8. 8. NPAG – Children (5-12) and Youth (12-18) <ul><li>Frequency : everyday </li></ul><ul><li>Intensity : moderate - vigorous </li></ul><ul><li>Duration : 60 minutes + (and up to several hours a day for children) </li></ul><ul><li>Type : variety including weight bearing activities and those incorporating fundamental motor skills </li></ul><ul><li>No more than two hours per day of electronic media used for non-educational purposes </li></ul>
  9. 9. NPAG – Adults (18-65) <ul><li>1 – Think of movement as an opportunity, not an inconvenience </li></ul><ul><li>2 - Be active every day in as many ways as you can </li></ul><ul><li>3 – Put together at least 30 minutes of moderate-intensity physical activity on most, preferably all, day </li></ul><ul><li>4 – If you can, also enjoy some regular, vigorous activity for extra health and fitness </li></ul>
  10. 10. NPAG – Adults (18-65) <ul><li>Frequency : Most days (5 or more) </li></ul><ul><li>Intensity : moderate - vigorous </li></ul><ul><li>Duration : 30 minutes + </li></ul><ul><li>Type : variety </li></ul>
  11. 12. NPAG Considerations <ul><li>In many studies, 150 minutes a week (moderate intensity) are considered compliant to the NPAG </li></ul><ul><li>Some research counts vigorous activity as double – e.g. 50 minutes = 100 minutes </li></ul><ul><li>10000 steps – this is the per day guideline for pedometers </li></ul><ul><li>A person not meeting 10000 steps may still be meeting the guidelines </li></ul><ul><li>It can be argued that 4 days per week is sufficient for “most days” of the week </li></ul><ul><li>All interpretations need to be justified </li></ul>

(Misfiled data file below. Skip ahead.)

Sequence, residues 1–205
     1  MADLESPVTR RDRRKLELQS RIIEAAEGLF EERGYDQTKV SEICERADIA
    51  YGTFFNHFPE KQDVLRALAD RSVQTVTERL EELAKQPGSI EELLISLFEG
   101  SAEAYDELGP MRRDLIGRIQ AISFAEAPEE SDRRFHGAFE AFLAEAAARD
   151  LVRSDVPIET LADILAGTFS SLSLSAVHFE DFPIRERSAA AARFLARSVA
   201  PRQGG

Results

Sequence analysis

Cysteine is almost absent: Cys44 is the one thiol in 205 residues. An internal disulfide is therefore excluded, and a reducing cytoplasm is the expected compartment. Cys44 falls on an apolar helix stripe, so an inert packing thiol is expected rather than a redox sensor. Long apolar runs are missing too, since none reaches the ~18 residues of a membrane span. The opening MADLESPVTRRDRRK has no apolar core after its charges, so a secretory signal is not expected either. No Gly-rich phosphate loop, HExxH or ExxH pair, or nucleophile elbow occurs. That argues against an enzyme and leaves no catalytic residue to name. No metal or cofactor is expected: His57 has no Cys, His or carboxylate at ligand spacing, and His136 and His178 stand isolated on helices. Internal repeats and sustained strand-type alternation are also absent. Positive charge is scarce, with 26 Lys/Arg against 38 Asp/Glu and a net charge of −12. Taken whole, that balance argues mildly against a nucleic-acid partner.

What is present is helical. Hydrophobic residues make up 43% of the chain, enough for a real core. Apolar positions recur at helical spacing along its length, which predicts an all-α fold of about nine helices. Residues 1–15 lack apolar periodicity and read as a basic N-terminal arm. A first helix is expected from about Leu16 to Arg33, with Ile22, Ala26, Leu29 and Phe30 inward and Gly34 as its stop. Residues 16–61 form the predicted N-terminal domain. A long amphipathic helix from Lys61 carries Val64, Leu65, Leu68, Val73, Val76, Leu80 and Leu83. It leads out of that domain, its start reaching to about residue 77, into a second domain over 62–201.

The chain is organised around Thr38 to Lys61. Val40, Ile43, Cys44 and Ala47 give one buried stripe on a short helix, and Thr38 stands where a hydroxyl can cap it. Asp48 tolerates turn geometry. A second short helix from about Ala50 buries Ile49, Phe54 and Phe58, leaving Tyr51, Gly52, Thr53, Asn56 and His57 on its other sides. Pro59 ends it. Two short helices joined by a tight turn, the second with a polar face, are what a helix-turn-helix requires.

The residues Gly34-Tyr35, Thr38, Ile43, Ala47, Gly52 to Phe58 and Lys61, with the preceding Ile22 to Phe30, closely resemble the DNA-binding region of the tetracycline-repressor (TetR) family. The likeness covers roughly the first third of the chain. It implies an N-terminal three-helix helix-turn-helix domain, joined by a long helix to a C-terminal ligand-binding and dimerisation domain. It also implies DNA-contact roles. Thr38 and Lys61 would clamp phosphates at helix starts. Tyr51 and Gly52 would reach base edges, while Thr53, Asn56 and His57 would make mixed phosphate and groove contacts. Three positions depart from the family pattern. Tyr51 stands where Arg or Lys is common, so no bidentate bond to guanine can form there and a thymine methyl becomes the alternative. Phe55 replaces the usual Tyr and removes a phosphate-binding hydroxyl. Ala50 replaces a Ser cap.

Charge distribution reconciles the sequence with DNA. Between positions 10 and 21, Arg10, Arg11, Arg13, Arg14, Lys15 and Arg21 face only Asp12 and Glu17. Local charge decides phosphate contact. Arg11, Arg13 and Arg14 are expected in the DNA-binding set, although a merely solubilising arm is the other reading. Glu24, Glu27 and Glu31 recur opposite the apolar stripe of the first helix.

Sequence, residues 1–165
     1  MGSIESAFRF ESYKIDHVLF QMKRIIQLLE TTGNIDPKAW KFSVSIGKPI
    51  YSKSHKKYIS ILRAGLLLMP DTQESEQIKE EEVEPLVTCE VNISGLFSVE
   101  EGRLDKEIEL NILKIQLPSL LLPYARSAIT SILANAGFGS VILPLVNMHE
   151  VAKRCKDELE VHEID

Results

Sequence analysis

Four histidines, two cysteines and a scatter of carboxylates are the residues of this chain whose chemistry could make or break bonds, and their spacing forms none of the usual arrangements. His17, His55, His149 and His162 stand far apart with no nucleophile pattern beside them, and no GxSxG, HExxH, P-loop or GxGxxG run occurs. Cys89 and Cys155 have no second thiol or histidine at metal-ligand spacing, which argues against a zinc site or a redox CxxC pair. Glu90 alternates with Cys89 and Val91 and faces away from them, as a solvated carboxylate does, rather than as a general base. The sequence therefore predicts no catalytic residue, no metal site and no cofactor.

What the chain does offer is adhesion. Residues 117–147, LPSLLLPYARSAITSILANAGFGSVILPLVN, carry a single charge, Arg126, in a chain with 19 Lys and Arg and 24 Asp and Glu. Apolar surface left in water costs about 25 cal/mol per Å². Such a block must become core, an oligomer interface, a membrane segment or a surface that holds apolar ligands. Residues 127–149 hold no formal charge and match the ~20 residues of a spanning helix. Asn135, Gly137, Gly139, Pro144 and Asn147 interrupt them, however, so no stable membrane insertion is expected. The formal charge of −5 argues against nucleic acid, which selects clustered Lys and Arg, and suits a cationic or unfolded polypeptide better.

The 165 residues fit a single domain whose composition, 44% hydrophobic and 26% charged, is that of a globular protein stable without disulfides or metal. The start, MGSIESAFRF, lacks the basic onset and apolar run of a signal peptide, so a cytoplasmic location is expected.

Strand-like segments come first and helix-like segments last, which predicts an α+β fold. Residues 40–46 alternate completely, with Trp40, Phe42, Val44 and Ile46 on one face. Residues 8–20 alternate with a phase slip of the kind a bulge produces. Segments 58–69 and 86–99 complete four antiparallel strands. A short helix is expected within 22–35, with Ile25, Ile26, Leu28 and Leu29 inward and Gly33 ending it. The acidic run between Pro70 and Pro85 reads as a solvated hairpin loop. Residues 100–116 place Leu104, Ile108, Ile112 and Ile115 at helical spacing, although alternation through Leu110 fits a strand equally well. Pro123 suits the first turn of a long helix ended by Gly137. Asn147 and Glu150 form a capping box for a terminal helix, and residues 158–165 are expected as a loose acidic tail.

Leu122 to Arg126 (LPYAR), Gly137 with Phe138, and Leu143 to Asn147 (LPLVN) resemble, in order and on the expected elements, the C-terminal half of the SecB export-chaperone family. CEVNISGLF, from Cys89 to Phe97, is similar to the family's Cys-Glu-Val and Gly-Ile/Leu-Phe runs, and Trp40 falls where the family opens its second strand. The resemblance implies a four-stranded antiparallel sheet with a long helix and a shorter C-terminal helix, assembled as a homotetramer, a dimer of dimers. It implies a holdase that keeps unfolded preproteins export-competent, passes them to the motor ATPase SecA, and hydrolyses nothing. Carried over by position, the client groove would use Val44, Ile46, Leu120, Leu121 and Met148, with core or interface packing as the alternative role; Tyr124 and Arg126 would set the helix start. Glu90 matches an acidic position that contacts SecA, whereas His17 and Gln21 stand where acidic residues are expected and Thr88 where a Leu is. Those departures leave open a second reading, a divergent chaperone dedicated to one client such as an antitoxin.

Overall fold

12. 13. Do they meet the NPAG? <ul><li>Jane walks her dog daily for 20 minutes a day at a brisk pace. She also weeds the garden weekly for about one hour. </li></ul><ul><li>Andrew waters his small garden every second morning for 5 minutes. Each week he vacuums the house for 30 minutes, and once a week he plays tennis with the kids for 45 minutes. </li></ul><ul><li>Anthia walks to work every weekday and notices that her pedometer accrues about 8000 steps a day. After work each day she drops by at the pool for a 10 minute swim to rejuvenate herself. </li></ul>
  13. 14. Yes or No? <ul><li>Jane – Yes in one interpretation. She accumulates 200 minutes of moderate intensity physical activity each week. </li></ul><ul><li>Andrew – No: watering the garden would be considered low-intensity as it only involves holding a hose. Tennis is multiplied by two because it is vigrous but this only brings his total to 135-140 minutes. </li></ul><ul><li>Anthia - We cannot say for sure because the pedometer does not track her swimming. However, 8000 steps is 80% of her daily requirement, and 10 minutes is 33.3% of her daily requirement, so it could be argued that she does meet the guidelines. </li></ul>
  14. 15. Measuring Physical Activity <ul><li>Physical activity levels can be measured using various methods, both subjective and objective. Many things need to be considered before picking a method appropriate to the individual or group. The data collected can then be used to gauge whether or not an individual or group of individuals adheres to the guidelines amongst other things. </li></ul>